Who’s the happiest with the government following the 2016 local government election? Those who are not economically active.
People who are unemployed and on the job hunt are least happy.
This is according to a survey conducted by Good Governance Africa, an independent non-governmental organisation. The purpose of the survey was to get more insight into what happened in voters and non voters’ minds during last year’s local government election.
Chrissy Dube, from Good Governance Africa, said that the questionable part in the survey was that there was a gap in people’s knowledge of coalitions.
“If people don’t have knowledge of coalitions in local government, how could coalitions work in provincial or even national government?”
The survey reported that voters were unhappy before the 2016 elections and observed a marginal increase in happiness after the elections.
32.9% of respondents said they were happy with both local and national government. 13.9% said they were happy with local government and unhappy with national government, while 15.4% were unhappy with local government and happy with national government and 37% of the respondents were unhappy with both local and national government.
What is key to note is that those who are not economically active – these are people who are completely dependent on someone else for their livelihood – had the highest positive response rate to both local and national government, with 38.5%. Those who were unemployed and seeking employment were the least happy before the 2016 local elections, with 28.3% neither happy with both local nor national government.
Among the provinces KwaZulu-Natal had the highest positive response with both local and national government satisfaction at 58.6%, Gauteng had the lowest levels of happiness with both local and national government. The majority of respondents (50.4%) who were happy with both levels of government came from the rural areas, and the respondents who were unhappy with both local and national government (48.5%) were those who live in informal settlements in urban areas.
Room for improvement
The survey reflected that the people felt there is much room for improvement within government. 58.5% of the respondents said all areas of government – which included administration, economic development and service delivery – needed attention. 20.5% of all the respondents specifically said service delivery needed to improve.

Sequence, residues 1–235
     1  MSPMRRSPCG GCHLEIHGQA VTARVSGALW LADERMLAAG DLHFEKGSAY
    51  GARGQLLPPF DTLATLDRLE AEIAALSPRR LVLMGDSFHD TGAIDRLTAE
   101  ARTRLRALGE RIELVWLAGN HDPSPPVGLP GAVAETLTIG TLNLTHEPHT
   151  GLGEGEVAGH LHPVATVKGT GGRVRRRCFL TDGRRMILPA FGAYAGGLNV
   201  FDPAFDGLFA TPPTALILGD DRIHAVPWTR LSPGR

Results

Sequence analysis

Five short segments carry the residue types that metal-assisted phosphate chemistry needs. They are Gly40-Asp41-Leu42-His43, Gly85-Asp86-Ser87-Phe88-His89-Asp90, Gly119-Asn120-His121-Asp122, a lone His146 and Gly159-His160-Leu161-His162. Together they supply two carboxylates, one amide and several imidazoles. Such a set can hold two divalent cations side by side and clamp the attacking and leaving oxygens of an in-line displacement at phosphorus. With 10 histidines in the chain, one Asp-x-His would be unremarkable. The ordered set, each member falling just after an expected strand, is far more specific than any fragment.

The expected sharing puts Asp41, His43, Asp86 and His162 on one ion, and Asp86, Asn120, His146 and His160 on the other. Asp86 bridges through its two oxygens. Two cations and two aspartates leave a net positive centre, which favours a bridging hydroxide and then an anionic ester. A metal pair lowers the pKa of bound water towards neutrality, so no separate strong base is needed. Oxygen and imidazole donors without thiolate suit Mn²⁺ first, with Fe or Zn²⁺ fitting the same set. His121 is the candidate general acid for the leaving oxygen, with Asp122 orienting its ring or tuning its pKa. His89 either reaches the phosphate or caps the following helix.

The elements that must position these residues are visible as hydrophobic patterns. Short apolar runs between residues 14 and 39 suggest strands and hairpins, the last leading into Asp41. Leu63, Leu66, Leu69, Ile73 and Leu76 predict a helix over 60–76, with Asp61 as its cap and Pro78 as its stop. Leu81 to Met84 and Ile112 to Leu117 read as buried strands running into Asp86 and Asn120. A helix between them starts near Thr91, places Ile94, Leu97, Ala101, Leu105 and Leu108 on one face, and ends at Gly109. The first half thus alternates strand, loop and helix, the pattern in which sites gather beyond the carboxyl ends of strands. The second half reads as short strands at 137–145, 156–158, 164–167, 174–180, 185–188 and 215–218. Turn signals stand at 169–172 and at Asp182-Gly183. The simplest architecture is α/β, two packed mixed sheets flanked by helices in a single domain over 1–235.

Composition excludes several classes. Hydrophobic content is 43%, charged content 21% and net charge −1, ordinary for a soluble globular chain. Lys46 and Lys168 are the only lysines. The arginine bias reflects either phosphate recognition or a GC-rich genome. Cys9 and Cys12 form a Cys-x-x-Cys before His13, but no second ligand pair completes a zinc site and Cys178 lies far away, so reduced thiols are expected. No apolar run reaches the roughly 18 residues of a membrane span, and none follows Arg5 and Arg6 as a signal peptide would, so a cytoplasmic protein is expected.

With the variation in peoples’ sentiments about how satisfied they are with the levels of government, it is worthy to note that a total of 32.7% did not vote, 11.6% registered and did not vote and 21.1% did not register at all. However this is not all bad news according to Good Governance Africa executive director, Dr Alain Tschudin.
“In the face of feeling excluded from governance in the country, citizens assert the recognition that their votes do matter; they are prepared to deploy these strategically, either by withholding their vote and abstaining from proceedings or by voting for other parties than those usually supported” said Tschudin.
“This demonstrates a remarkable embodiment of agency on the part of voters and confirms a deepening maturation of voting behaviour in the country.”
The survey also inquired about how the respondents vote. When asked about their voting pattern over the years 60% voted for the same party that they had always supported, 7.1% voted for a different party from previous years and 29% abstained from voting altogether. The survey showed that the unemployed were the majority of the respondents who voted for the same party as they always do, while those employed in the informal sector were the majority of those who did not vote for the same party.
The reasons for voting for the parties they had always voted for were mainly due to respondents that believing in the party’s ability to govern and loyalty, with 19.8% influenced by a reliance on income grants and pensions. The survey report also noted that some voters voted for the same political parties because they had “given up hope”, others said there were a lack of attractive alternative parties to vote for and a small percentage of voters were influenced by fear and/or intimidation.
“Our respondents also shared that they would adapt their behaviour if another party arose that better suited their needs, if they reached a tipping point, if more information was available on government or on their rights, or finally if competitors produced evidence of better governance,” said Tschudin.
With some political parties already heavily campaigning to gain more voters in the next election, the 2019 national elections are bound to be interesting.
Here is the full Good Governance Africa voter sentiment survey report: